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Interfering with 911 Call in Norwalk

Interfering with a 911 call in Norwalk is not taken lightly by law enforcement. If you find yourself arrested for this charge, you should take every available step to protect your rights and best interests. Seek help from an experienced domestic violence attorney sooner rather than later to get started building your defense.

Can I get Arrested for Interfering with a 911 Call?

Yes, this is a crime. Interfering with a 911 call is defined by Connecticut General Statutes §53a-183b as physically or verbally preventing someone from contacting law enforcement through a telephone or radio call. This could mean taking the phone away from someone, disconnecting or destroying the phone, grabbing the phone to insist that there is no need for law enforcement to respond, and a variety of other actions. Oftentimes, arrests will occur on scene when the police arrive, however they could also occur after an investigation by the police under an arrest warrant.

Will I Go to Jail for this Crime?

Maybe. Interfering with an emergency call in Norwalk is a class A misdemeanor. The maximum penalties for a conviction on just this charge would be one year in jail and a $2,000 fine. However, this charge is often accompanied by one or more others, depending on the specific circumstances under which the call was allegedly obstructed. In that case, the judge may sentence you “concurrently” meaning your sentences would be served back to back, extending your time in jail or your exposure to fines.

Whether you’ve been arrested for just interfering, or in addition to other crimes, you should reach out to legal counsel to begin understanding what you’re facing and how to go about best protecting yourself and your future.

Can This Be Charged As A Domestic Violence Offense?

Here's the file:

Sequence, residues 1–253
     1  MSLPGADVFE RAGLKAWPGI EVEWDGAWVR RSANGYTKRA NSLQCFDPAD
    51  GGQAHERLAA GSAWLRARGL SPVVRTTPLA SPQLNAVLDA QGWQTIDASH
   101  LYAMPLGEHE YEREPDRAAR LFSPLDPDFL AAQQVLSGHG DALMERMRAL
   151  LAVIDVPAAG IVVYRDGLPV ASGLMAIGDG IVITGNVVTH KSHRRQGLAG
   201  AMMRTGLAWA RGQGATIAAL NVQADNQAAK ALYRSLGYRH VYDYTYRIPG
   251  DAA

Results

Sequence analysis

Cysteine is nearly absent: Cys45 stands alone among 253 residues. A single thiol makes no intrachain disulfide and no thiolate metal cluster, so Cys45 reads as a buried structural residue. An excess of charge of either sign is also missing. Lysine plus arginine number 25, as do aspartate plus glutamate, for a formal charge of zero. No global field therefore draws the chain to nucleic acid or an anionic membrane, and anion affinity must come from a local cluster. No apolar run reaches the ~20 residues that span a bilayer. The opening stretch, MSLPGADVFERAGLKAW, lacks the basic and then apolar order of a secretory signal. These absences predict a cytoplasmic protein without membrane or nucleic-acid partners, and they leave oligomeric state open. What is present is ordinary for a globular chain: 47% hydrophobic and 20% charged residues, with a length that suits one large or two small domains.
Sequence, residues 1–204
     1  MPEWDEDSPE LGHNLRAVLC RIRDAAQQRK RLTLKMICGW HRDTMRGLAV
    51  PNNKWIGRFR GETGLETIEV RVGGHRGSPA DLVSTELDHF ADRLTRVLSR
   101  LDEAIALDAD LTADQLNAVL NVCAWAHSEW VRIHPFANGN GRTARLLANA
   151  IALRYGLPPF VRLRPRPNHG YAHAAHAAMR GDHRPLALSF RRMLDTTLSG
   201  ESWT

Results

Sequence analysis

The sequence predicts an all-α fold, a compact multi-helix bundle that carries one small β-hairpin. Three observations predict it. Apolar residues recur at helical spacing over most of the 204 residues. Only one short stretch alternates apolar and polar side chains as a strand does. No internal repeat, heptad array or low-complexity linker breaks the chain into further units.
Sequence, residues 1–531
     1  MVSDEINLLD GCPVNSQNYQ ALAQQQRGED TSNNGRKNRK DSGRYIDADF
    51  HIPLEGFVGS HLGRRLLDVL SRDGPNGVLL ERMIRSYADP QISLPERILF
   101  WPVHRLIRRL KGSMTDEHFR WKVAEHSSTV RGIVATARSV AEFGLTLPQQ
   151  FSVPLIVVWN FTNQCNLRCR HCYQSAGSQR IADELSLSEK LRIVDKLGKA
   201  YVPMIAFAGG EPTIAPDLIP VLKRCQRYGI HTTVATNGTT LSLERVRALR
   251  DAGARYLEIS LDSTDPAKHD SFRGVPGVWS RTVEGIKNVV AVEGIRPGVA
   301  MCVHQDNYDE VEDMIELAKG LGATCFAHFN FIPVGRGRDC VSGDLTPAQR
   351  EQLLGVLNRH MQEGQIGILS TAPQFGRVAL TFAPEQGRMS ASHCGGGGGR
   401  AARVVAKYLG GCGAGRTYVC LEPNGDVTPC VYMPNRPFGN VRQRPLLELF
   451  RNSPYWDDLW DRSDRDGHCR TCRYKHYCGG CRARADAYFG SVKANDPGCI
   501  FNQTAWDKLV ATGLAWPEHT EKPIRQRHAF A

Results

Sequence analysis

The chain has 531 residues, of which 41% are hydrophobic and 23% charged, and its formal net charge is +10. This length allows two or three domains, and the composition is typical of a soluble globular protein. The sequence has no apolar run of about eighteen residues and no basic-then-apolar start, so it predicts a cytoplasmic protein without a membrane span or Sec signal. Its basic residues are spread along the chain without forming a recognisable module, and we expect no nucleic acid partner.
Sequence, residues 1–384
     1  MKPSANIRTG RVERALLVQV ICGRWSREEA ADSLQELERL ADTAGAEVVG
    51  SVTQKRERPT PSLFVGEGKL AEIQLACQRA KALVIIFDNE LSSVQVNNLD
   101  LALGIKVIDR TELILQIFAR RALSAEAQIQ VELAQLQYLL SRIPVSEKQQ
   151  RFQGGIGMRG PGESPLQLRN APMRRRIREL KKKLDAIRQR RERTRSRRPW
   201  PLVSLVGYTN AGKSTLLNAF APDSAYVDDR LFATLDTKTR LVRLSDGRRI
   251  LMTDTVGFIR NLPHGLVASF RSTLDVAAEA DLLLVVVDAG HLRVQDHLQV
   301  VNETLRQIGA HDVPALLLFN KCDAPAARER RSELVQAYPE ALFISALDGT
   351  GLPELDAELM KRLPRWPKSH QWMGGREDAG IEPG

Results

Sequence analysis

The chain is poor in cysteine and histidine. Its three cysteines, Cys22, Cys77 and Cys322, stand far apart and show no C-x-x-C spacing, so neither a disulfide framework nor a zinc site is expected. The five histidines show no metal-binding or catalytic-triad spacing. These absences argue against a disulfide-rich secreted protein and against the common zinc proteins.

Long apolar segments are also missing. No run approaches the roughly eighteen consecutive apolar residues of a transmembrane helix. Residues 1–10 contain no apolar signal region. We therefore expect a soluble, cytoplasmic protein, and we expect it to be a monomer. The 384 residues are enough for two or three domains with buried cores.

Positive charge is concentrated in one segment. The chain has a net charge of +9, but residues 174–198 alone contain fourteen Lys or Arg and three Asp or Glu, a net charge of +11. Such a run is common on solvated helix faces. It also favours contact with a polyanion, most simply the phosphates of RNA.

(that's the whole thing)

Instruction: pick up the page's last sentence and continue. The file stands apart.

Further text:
Yes. If someone prevents a family member, household member, spouse, or relationship partner from contacting the police via telephone or radio, their 911 call interference charge may be classified as a domestic violence offense.

While this classification does not allow for enhanced criminal penalties in Connecticut, it generally does result in significant additional consequences.

The initial arraignment hearing for a domestic violence offense in Connecticut almost always results in the imposition of a temporary protective order, which would remain in effect until the end of the defendant’s criminal trial unless it is modified by the court. At the judge’s discretion, this order may prohibit the defendant from sharing the same residence or workplace with the protected party, or even prevent them from contacting the protected party by any means. To learn more about protective orders, click here.

In addition, any domestic violence allegation that signifies a threat to the safety of children in a household may provoke an investigation from the Department of Children and Families, which could lead to restrictions on custody and visitation rights. A single charge for interfering with a 911 call in Norwalk could have a lasting impact even long after the ensuing criminal case has concluded. To learn more about DCF investigations in Norwalk, click here.

A Norwalk Attorney Could Help with an Interfering with 911 Call Case

If you were recently charged with interfering with a 911 call in Norwalk, time is likely of the essence. Get started on your legal defense today by scheduling a consultation with a seasoned domestic violence attorney. Click here to read our reviews from past clients, and call us today at 203-358-4700.